In the first illustrative embodiment, the fibres according to the invention were generated by placing hemp fibre material having a shives fraction of less than 10% by weight in the laboratory mill and grinding the hemp fibre material therein for between 30 and 90 sec. The starting hemp fibres used were less than 20 mm in length.

FIG. 1 shows hemp fibres which were fibrillated as described above by grinding with the laboratory mill for 90 sec. The elementary fibres from which individual smaller fibrils branch off are clearly visible. As in the case of aramid fibres, one end of the fibrils is attached to the respective mother elementary fibre.

The fibres produced as per the first illustrative embodiment by 90 sec laboratory milling the base fibres are hereinbelow referred to as A.

2. SECOND ILLUSTRATIVE EMBODIMENT

The second illustrative embodiment utilized a commercial grinder from Altenburger Maschinen Jackering GmbH (Ultrarotor model type IIIa, 75 kw). Such a grinder is described in DE 35 43 370 A1. In this grinder, the millbase particles are accelerated to a high speed within a multiplicity of air eddies generated by the grinding plates. It is believed that the interaction of the millbase particles is responsible the grinding effect. More particularly, the grinding is only minimally due to the collision of the millbase particles with the stationary and rotating machine components. For this reason, the grinding apparatus used is referred to herein as an eddied air grinder.

Surprisingly, the fibrillated fibres produced using the laboratory mill can be reproduced using this grinder and even improved using modified settings of the grinder.

The starting material for producing the reinforcing and/or process fibres of the invention can be organic natural fibres or vegetable fibres, for example flax, hemp, sisal, jute or ramie fibres. It is particularly advantageous to use ultrasonicated hemp as a starting material. The fraction of shives therein is generally less than 10% by weight. The starting material was less than 20 mm in length. A further possible starting material is a fibre-shives mixture, in which case the shives fraction can be between 10% by weight and 95% by weight.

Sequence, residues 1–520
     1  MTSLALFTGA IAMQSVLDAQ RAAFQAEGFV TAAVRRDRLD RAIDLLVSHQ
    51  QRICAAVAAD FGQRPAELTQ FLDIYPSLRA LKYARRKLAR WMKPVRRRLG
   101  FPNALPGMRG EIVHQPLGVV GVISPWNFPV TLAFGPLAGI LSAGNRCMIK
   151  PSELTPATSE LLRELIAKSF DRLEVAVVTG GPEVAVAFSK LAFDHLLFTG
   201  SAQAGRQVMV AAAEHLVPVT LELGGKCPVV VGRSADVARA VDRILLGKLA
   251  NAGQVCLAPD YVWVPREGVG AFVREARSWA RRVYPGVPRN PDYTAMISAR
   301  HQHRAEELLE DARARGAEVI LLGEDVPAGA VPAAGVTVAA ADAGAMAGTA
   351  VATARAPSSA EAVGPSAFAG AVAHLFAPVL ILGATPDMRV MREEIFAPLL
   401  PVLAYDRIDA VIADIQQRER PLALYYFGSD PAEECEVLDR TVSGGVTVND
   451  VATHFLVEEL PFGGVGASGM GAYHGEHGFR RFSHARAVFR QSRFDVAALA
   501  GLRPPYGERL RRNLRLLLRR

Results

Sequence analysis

Three different fibrillated fibres were produced from hemp as per the second illustrative embodiment. The fibres were each ground in the grinder at different underpressures. The underpressure, i.e. the pressure difference from atmospheric pressure, was 45 mbar in the case of fibre B1, 25 mbar in the case of fibre B2 and 12 mbar in the case of fibre B3. The underpressure causes the fibre material to be conveyed through the grinder, so that the residence time of the fibre material in the grinder is shorter at higher underpressure. For instance, the residence time was about 1 sec in the case of a pressure of 12 mbar below atmospheric pressure and ½ sec or less in the case of underpressures of 25 and 45 mbar. The temperature in the grinder was never higher than 20° C. throughout the grinding operation

3. COMPARATIVE EXAMPLE C

Comparative Example C utilized fibrillated fibres from Schwarzwalder Textilwerke Heinrich Kautzmann GmbH of Schenkenzell, the starting material used again being ultrasonicated hemp fibres. The results of the investigation are shown in Table 1.

4. COMPARISON OF INVENTIVE FIBRES WITH COMPARATIVE EXMAPLES C

To characterize the fibres of the invention and compare them with the comparative fibres, the fibrillated fibres were examined under a microscope. The microscope used was from Carl Zeiss Jena (“Citoval 2” binocular; 16 times ocular; lens: zoom 0.63 to 6.3 times). The scale was defined using an ocular micrometer. The geometric dimensions of the fibres and fibrils were estimated semiquantitatively, the accuracy (one sigma) being estimated at 25%, based on the respective measured value. The magnification used was 10:1 for measuring the fibre lengths (1.0 times lens) and 50:1 for measuring the fibre diameters (5.0 times lens).

The terms used to characterized the fibrillated fibres will now be defined.